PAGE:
Giftun Island is a nature reserve within the Red Sea, located in the Egyptian Arab Republic in Hurghada. It is also a natural habitat for seagulls, where nearly 50% of the seagulls in the world live, in addition to other reptiles and birds. Giftun Island is one of the coastal islands. Located near the western coast of the Red Sea, such as: Safaga Islands, and Shodoun Islands.
Giftun Island Sections
The rifts affected the Giftun Island and this led to its separation into two parts:
Great Giftun Island
It is the largest island in the Giftun Islands group, with an area of approximately 18 km2, and a longitudinal extension of approximately 11 km, starting from the coast of Hurghada, and the length of its coasts is approximately 34 km.
Little Giftun Island
It is the smallest section of the Giftun Islands, with an area of approximately 3 km2, located on the southeast side of the Greater Giftun Island.
The tourist importance of the island
Giftun Island is the first tourist island, because it is distinguished by its proximity to the Egyptian city of Hurghada, and what distinguishes it is the presence of diving sites in it, and its soft sand, where there are fourteen tourist sites for diving, in addition to its attractive and beautiful beaches, and due to its tourist importance, the island is considered one of the pillars of the economy The Red Sea and the Egyptian national economy, as it enjoys high economic values that result in large cash flows.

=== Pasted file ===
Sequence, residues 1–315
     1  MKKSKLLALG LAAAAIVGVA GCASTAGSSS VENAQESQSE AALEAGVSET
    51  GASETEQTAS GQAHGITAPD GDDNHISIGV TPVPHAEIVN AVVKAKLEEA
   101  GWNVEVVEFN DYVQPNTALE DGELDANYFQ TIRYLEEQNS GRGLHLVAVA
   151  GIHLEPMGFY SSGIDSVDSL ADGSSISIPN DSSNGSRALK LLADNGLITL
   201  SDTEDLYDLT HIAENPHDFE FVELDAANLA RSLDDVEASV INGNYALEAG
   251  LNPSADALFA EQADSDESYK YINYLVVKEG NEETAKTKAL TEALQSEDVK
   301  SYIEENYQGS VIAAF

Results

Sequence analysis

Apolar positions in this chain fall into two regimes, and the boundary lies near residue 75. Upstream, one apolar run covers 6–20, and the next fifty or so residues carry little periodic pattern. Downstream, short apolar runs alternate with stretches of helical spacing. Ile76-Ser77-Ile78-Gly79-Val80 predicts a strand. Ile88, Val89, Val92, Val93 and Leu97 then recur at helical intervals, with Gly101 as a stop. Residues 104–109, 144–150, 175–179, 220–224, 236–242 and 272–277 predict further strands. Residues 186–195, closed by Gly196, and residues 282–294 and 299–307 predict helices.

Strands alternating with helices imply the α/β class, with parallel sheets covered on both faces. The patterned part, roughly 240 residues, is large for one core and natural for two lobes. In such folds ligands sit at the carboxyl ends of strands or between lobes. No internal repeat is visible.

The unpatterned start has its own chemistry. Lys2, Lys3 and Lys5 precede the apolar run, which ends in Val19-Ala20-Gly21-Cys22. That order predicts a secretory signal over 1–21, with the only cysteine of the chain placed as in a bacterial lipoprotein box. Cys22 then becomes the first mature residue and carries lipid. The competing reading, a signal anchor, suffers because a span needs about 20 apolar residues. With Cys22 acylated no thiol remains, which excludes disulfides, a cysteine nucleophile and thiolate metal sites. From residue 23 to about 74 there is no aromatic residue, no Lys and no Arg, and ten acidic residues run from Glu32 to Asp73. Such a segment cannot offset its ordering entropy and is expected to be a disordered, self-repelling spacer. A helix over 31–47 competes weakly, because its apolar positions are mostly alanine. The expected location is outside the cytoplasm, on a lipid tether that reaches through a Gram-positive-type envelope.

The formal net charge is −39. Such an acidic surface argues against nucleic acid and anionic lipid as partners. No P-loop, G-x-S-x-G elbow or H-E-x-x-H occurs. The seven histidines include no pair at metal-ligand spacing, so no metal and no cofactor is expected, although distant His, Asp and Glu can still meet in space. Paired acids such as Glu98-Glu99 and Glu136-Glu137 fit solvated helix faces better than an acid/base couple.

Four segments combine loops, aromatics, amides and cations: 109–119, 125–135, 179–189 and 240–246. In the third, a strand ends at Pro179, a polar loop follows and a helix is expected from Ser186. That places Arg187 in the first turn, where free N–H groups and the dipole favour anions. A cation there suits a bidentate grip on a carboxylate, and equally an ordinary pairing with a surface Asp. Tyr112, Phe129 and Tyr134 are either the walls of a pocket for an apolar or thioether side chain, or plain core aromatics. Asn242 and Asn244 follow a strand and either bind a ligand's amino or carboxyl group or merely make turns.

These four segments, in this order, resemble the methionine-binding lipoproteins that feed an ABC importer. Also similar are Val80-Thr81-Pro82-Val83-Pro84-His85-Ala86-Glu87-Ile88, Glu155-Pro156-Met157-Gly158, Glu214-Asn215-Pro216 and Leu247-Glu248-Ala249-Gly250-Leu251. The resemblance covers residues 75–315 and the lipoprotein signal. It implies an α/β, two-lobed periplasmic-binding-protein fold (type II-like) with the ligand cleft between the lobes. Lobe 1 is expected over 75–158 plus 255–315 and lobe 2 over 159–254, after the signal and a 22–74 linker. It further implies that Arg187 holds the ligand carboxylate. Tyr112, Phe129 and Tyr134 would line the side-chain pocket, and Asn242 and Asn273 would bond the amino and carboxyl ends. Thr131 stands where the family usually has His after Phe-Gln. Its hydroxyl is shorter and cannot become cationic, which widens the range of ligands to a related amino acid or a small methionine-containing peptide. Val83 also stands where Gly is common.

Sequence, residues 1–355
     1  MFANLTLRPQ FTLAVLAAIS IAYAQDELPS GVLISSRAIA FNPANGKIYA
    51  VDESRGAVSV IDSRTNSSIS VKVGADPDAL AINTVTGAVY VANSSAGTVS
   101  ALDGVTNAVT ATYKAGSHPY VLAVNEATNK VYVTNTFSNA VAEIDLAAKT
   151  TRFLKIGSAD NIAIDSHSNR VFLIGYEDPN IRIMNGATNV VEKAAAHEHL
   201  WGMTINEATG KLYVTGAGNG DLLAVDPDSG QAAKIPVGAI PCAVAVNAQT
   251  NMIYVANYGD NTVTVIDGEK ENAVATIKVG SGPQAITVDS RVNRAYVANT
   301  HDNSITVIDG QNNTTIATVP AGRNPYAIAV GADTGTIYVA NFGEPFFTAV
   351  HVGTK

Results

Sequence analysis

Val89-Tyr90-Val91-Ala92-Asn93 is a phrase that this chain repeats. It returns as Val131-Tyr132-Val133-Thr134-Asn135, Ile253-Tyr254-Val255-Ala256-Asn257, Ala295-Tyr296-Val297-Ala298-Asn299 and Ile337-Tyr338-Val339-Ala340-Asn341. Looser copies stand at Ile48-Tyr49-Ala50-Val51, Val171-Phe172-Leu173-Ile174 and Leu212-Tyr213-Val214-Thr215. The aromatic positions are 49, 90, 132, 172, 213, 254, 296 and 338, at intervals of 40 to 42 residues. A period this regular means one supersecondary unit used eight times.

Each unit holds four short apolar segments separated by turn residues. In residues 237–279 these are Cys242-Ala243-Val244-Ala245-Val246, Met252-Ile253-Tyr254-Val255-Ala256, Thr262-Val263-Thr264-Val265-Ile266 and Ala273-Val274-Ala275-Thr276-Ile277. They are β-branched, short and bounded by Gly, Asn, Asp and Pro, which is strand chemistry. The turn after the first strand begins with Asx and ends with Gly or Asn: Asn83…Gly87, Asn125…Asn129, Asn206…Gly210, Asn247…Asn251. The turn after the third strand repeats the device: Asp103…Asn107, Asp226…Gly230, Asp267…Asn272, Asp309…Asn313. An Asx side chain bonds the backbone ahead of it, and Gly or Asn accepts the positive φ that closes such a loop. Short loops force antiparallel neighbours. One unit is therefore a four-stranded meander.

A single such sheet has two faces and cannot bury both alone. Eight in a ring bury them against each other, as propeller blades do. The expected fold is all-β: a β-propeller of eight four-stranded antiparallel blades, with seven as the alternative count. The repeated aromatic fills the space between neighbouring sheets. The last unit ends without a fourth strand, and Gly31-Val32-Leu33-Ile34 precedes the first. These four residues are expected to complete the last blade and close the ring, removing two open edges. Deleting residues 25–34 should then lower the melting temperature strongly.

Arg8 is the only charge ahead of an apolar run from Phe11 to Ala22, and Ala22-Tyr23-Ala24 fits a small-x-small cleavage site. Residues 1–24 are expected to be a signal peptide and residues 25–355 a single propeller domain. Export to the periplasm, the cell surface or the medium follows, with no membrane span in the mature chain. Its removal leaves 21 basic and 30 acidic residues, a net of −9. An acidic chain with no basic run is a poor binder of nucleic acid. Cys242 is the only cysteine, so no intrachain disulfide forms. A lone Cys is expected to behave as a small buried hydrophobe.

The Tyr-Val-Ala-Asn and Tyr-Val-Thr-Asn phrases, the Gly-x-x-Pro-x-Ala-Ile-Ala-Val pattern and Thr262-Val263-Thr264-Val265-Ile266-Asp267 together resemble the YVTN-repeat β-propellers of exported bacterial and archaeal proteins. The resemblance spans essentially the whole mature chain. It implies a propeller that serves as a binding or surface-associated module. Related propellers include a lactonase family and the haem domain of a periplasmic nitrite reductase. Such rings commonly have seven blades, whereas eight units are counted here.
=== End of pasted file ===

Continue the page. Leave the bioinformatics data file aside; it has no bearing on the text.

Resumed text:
Some official statistics indicate that the Great Giftun Island has great tourist and economic importance, as tourists around the world are interested in visiting such sites, and prefer to enjoy its landscapes and natural resources in their initial state. Therefore, the area declared as nature reserves has increased to more than forty thousand kilometers in the Red Sea Governorate. In addition to declaring 22 islands as a reserve out of 40 islands, some legal procedures have been put in place to prohibit some practices within the scope of these islands. Hunting of marine and wild animals on the island has been prohibited, as well as the prohibition of transporting, killing or disturbing them.
Many tourism workers depend on Giftun Island as their main source of livelihood, as about 40-60 floaters come to the island per day, and it receives about 188,000 tourists annually, who represent 32% of the practitioners of marine activities in the city. Approximately 12% of the total Red Sea tourists, and the island generates significant revenues for the state resulting from tourism there.
Giftun Island, Hurghada